Intel has released a new revision of the datasheet for its 10th-gen Comet Lake-S (opens in new tab) processors. The June 2020 edition (opens in new tab) (PDF) details the PL1 (Power Level 1), PL2 (Power Level 2) and Tau values for the new 14nm chips, information which was not available in the previous revision.
Enthusiasts have often called out Intel for not publicly advertising the peak power consumption for its processors. The chipmaker only discloses the PL1 value, which is the processor's power draw at base clock speeds. The PL2 parameter, on the other hand, is significantly higher since it's the maximum power consumption that you can expect when the processor is pushed to the max with turbo engaged.
In all likelihood, Intel doesn't reveal the PL2 number with the objective of not confusing less experienced buyers. Labeling a processor with 250W would be bad for business, especially when the majority of consumers won't be seeing this level of power draw very frequently during normal usage. Nevertheless, it's a crucial aspect of the processor that should be exposed to the general public so the consumer can plan accordingly when putting a system together.
While we applaud Intel's transparency, it would garner more points with enthusiasts if the chipmaker listed the PL2 value on the ARK product database instead of inside some obscure document that the majority of consumers probably won't find or know of its existence.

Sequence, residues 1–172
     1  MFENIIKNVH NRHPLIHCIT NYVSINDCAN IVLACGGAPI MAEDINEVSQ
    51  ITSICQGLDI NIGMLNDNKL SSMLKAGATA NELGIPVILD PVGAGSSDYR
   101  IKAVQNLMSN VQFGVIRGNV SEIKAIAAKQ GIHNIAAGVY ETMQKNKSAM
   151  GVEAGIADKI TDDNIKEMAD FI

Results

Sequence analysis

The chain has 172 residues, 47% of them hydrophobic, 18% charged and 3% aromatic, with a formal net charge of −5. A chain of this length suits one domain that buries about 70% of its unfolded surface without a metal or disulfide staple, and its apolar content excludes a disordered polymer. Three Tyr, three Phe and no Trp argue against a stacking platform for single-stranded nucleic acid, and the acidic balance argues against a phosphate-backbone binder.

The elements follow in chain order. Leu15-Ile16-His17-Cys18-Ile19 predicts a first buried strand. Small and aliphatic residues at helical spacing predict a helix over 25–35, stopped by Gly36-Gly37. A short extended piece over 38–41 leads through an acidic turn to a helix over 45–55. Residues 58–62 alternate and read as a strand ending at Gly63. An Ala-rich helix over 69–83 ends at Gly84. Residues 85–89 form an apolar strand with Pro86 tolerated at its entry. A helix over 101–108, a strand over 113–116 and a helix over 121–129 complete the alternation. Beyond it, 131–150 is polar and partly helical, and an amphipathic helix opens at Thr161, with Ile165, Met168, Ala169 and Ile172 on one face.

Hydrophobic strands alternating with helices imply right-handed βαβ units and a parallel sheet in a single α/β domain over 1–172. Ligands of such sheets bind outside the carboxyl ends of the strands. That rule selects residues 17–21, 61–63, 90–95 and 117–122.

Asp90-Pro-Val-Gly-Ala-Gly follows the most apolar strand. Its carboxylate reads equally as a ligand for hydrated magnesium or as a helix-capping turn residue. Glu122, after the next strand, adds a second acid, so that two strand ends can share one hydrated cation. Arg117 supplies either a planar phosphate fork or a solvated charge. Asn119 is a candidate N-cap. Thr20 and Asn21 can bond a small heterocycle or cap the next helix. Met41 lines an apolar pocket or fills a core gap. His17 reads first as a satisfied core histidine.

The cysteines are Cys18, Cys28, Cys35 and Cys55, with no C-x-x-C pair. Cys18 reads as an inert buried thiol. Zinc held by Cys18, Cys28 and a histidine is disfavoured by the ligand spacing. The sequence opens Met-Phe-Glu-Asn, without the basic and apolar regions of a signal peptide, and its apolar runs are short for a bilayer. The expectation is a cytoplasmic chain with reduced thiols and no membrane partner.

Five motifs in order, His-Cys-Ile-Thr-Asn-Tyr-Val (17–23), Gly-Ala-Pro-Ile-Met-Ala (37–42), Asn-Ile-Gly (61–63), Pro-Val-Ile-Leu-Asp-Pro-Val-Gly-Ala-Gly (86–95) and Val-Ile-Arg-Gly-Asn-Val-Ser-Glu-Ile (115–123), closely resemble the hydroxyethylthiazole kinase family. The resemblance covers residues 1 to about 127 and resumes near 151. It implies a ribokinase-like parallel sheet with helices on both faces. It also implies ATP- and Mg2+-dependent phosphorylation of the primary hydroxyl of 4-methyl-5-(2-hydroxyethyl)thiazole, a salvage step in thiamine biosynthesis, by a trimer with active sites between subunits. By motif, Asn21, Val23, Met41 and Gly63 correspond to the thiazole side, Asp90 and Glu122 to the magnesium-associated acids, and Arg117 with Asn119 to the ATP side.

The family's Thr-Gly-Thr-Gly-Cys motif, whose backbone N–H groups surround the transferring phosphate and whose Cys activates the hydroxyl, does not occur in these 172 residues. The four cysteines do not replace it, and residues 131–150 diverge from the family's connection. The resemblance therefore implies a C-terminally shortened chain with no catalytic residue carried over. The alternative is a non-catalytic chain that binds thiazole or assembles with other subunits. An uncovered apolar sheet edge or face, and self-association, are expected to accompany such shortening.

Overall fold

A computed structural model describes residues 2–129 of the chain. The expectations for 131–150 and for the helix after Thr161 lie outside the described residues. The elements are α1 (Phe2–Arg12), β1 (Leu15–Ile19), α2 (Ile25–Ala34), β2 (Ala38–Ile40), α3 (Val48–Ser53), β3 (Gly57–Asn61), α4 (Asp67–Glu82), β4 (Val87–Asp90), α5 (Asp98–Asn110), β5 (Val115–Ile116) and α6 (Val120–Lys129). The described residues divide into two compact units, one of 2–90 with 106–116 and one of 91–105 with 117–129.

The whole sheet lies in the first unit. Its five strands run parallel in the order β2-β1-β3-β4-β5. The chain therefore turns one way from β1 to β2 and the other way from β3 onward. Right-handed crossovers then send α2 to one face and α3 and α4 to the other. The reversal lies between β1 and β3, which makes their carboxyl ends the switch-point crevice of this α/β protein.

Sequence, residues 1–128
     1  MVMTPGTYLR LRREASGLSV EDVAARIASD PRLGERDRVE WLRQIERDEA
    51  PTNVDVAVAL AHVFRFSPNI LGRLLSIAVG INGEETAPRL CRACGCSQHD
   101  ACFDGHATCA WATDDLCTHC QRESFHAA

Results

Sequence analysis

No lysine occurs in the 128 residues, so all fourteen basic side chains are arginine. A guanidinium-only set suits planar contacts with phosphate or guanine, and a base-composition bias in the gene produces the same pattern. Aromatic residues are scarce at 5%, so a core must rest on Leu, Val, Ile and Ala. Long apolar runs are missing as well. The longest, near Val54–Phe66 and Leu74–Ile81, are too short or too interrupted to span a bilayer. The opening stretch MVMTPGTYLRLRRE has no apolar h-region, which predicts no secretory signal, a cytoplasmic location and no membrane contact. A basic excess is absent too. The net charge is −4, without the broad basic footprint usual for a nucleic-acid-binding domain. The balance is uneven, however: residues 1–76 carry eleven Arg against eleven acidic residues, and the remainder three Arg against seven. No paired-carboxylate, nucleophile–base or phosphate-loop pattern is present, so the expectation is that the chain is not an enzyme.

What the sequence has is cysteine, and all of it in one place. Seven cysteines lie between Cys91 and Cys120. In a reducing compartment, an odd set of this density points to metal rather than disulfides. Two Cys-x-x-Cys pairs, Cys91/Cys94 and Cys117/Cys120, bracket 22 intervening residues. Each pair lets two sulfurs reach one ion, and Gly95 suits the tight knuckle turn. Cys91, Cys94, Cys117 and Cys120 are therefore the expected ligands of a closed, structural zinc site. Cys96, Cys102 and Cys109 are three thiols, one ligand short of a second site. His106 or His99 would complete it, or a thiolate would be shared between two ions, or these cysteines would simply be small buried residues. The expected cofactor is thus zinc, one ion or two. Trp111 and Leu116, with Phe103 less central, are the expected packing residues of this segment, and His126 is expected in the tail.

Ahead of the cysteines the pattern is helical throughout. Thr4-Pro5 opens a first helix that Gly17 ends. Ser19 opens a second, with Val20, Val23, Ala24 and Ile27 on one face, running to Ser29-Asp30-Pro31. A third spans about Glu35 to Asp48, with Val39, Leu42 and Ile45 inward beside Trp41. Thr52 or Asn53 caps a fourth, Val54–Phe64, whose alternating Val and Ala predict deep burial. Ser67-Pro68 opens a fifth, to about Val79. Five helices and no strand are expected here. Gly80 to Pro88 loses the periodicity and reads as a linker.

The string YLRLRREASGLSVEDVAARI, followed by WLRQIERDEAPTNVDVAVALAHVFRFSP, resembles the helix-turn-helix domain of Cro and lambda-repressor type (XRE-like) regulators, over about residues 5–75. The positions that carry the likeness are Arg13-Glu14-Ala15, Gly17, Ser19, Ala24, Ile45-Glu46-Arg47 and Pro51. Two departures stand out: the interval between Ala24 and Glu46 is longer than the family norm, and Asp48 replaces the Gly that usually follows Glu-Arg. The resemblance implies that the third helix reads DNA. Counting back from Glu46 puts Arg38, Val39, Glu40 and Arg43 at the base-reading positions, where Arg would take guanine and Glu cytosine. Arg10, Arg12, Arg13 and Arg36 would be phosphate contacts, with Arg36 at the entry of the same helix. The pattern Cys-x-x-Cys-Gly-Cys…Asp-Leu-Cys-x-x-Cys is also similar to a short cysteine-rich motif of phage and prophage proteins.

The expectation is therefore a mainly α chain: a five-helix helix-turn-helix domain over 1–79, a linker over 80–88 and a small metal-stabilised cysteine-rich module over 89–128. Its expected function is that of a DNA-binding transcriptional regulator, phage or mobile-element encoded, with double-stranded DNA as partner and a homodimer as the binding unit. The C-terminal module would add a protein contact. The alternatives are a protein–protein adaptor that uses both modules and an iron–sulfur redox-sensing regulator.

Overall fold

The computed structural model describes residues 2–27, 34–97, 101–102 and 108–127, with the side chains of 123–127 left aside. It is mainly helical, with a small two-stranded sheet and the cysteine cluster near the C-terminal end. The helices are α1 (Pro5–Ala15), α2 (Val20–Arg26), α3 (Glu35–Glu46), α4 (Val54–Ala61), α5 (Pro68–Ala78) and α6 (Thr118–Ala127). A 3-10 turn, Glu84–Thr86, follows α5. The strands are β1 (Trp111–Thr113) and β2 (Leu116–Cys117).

Intel 10th Generation Comet Lake-S PL1, PL2, Tau
|Processor||PL1 (W)||PL2 (W)||Tau (Seconds)|
|Core i5-10600, Core i5-10500, Core i5-10400||65||134||28|
|Core i3-10320, Core i3-10300, Core i3-10100||65||90||28|
|Pentium Gold 6500, Pentium Gold 6400, Celeron G5920, Celeron G5900||58||58||28|
|Pentium Gold G6500T, Pentium Gold G6400T, Celeron 5900T||35||42||28|
Prior to Comet Lake-S, it was possible to determine the PL2 simply by applying a formula that multiplies the PL1 by a value of 1.25. The formula is still relevant, but the multiplier is useless now as Comet Lake-S parts don't abide by that 1.25x rule anymore. The only reliable way to find out a Comet Lake-S processor's PL2 limit is by browsing through Intel's document.
The Core i9-10900K (opens in new tab), which is the 10-core flagship chip, has a PL2 value that's two times higher than the advertised PL1 value of 125W. The Core i7-10700K and Core i5-10600K (opens in new tab) show 1.83x and 1.46x increases in their PL2 values, respectively.
When it comes to the 65W counterparts, the multipliers vary from 1.38x to 3.45x, depending on the model of the processor. As for the T-series versions, you can see PL2 rises bewteen 1.57x to 3.51x.
Intel Xeon W-1200 Series PL1, PL2, Tau
|Processor||PL1 (W)||PL2 (W)||Tau (SEconds)|
The Xeon 1200-series (opens in new tab), which are workstation iterations of the Comet Lake-S processors, shows a similar pattern. The Xeon W-1290P, which is the workstation flagship, has a PL2 that's twice that of the PL1. The Xeon 1270P and Xeon 1250P's PL2 show the same level of increase as the the Core i7-10700K and Core i5-10600K.
The 80W Xeon Comet Lake chips generally rock a PL2 that's 1.68x to 2.8x times higher while the Xeon W-1290T, the only 35W chip, shows an uplift of 3.51x, the most substantial of all the Comet Lake family.
Right now, if I had to buy Intel, I'd stick with Coffee Lake-R.